With 40% cold stores in Punjab flooded with old crops, potato glut likely this year too
Faced with a similar situation last year, farmers had protested by dumping their produce on roadsides, when prices dropped to Rs 1 per kg.Updated: Nov 17, 2017 09:18 IST
Potato farmers in the state are headed for another season of dwindling profits because the cold storage facilities are still flooded with old crop.
Satbir Singh, deputy director of horticulture, said nearly 40% cold stores are filled with old crops at present.
With this, farmers are likely to face a glut in the market. Faced with a similar situation last year, farmers had protested by dumping their produce on roadsides, when prices dropped to Rs 1 per kg. Even the cost of storage was just Rs 3 per kg.
The last few years have witnessed a surplus production of potatoes in the state but this has not been promptly transported to other states. As a result, potato growers have been forced to sell their crop at throwaway rates.
“There will be no place for new crop and farmers will be forced to dump it on roads as the current market rates are very low,” said Jagat Prakash Singh Gill, spokesperson of Jalandhar Potato Growers Association.
He added that in absence of state government’s support in providing transportation facilities to ferry potatoes to states like Andhra Pradesh, Rajasthan and West Bengal, where demands are very high, farmers in Punjab are facing a tough time. “The state government is not helping whereas other state governments are helping their farmers,” he said.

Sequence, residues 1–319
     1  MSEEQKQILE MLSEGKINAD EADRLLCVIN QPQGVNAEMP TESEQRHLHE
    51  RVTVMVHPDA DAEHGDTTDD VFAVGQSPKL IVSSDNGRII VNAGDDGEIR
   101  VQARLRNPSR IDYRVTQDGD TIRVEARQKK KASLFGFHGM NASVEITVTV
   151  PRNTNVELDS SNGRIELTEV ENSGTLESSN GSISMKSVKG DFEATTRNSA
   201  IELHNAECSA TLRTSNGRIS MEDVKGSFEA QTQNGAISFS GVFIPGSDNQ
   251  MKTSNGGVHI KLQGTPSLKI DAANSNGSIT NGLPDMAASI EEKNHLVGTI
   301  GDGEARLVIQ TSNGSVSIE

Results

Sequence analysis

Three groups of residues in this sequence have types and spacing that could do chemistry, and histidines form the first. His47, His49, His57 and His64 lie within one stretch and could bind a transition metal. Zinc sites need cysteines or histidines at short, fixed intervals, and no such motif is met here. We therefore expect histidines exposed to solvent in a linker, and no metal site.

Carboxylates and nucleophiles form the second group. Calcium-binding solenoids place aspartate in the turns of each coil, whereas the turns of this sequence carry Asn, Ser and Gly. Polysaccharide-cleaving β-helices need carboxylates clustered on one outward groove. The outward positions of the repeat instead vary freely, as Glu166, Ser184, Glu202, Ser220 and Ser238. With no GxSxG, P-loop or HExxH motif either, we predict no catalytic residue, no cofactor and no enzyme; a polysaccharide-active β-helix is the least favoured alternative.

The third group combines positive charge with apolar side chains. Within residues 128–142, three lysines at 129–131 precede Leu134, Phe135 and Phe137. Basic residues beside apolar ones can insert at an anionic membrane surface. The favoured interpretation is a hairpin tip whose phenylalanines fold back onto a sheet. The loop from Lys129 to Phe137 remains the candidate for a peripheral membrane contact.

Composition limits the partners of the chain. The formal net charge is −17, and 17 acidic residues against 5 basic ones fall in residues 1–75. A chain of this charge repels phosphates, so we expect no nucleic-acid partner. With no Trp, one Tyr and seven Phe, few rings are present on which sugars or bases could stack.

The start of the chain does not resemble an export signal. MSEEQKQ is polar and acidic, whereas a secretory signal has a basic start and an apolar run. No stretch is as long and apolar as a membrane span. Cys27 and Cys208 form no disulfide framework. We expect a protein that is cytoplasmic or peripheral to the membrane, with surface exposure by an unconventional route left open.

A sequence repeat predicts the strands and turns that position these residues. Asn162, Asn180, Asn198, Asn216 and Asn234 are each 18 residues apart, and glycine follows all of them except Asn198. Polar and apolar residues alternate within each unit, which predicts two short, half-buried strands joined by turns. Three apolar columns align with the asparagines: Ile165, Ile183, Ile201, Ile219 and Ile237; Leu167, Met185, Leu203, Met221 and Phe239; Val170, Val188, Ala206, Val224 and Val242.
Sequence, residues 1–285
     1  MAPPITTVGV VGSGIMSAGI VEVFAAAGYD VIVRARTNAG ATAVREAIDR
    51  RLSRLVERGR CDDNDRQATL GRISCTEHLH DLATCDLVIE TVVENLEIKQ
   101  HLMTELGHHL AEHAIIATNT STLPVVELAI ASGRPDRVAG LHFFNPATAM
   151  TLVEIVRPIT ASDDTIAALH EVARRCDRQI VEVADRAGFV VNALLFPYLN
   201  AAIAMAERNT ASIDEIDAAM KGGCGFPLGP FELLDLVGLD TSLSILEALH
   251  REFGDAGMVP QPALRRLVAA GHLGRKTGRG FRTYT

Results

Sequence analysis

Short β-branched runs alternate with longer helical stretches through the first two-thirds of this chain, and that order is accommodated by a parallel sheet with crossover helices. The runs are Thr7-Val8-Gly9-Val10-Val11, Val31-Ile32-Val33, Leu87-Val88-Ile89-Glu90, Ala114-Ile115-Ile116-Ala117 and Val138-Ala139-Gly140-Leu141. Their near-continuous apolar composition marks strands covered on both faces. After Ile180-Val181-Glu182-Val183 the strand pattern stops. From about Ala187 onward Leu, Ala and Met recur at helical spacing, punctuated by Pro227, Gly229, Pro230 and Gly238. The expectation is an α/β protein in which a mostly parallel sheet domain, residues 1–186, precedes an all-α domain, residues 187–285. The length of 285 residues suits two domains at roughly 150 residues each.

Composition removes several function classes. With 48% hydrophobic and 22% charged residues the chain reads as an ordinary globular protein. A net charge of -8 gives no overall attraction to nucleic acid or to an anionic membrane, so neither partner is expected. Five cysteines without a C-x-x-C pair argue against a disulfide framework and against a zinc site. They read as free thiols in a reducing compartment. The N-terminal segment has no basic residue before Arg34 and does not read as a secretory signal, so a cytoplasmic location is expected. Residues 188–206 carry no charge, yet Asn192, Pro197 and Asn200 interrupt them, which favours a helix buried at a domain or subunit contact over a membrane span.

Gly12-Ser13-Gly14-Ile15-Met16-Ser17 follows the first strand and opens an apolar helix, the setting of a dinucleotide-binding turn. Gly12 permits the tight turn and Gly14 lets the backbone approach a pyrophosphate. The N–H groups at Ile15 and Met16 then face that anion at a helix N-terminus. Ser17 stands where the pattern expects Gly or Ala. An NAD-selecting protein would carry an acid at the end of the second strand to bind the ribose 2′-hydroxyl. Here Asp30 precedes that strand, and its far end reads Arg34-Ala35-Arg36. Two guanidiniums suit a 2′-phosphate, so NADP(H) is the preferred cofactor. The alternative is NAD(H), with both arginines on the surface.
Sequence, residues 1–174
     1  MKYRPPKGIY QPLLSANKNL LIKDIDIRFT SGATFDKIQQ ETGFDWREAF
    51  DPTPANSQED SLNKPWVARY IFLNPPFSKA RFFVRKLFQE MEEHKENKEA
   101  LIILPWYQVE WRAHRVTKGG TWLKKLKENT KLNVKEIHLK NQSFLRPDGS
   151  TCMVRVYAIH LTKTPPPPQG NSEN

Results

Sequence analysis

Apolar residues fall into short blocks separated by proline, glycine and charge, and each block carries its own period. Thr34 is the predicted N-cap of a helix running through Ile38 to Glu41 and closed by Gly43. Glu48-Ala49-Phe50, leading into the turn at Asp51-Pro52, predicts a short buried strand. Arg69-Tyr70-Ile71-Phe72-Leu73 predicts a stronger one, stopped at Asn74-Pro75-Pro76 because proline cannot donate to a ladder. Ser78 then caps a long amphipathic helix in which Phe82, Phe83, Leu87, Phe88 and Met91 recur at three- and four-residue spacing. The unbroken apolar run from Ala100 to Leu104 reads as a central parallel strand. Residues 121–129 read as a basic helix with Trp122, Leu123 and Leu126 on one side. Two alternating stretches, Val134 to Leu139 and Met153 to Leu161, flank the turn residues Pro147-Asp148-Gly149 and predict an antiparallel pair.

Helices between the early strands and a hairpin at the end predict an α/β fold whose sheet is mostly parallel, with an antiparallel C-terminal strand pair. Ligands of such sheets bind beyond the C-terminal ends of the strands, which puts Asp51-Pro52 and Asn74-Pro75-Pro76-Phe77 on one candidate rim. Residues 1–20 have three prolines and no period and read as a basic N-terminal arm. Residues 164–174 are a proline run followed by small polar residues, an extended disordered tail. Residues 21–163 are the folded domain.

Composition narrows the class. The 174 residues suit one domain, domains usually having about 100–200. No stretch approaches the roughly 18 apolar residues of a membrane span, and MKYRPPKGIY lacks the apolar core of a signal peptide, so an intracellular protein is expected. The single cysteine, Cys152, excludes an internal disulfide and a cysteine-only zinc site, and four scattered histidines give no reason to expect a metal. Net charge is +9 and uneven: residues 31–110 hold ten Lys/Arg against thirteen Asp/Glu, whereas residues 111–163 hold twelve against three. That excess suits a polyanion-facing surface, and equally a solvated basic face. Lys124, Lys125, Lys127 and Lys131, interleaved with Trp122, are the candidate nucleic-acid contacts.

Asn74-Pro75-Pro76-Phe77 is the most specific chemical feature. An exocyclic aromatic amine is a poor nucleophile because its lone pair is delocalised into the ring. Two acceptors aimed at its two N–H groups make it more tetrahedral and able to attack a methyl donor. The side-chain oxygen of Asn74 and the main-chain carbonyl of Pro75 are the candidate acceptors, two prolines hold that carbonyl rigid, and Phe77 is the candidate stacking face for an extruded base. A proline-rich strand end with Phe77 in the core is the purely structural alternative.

Production likely to dip by 15%
Meanwhile, Satbir Singh said, “Potato production is likely to decrease by 10-15% this year because farmers did not get adequate price for their produce last season.” He added that prices crashed last season due to surplus production, because of which the cold stores were also flooded.
Punjab accounts for 5% of India’s annual potato production and Jalandhar, Kapurthala, Hoshiarpur and SBS Nagar districts are the major production centres.
Satbir Singh said while West Bengal, Bihar and Uttar Pradesh produce most of India’s potatoes, they procure seeds from Punjab. “In 2016, farmers from these states refrained from purchasing seeds in the backdrop of demonetisation. This also disturbed the selling circle of farmers in Punjab,” he said.
When asked about the measures taken to prevent a reoccurrence of last year’s problem, he said, “The state government had asked Markfed to purchase potato from farmers and use them in schools for mid-day meals. This year too, appropriate steps will be taken by the government to tackle the situation.”
Meanwhile, Jagat Prakash Singh Gill said, “Against a cold storage capacity of 20 lakh metric tonnes in 572 stores in the state, the production in 2016-17 was 25.19 lakh metric tonne. At present, about 10 lakh metric tones are stored in the cold stores by farmers.”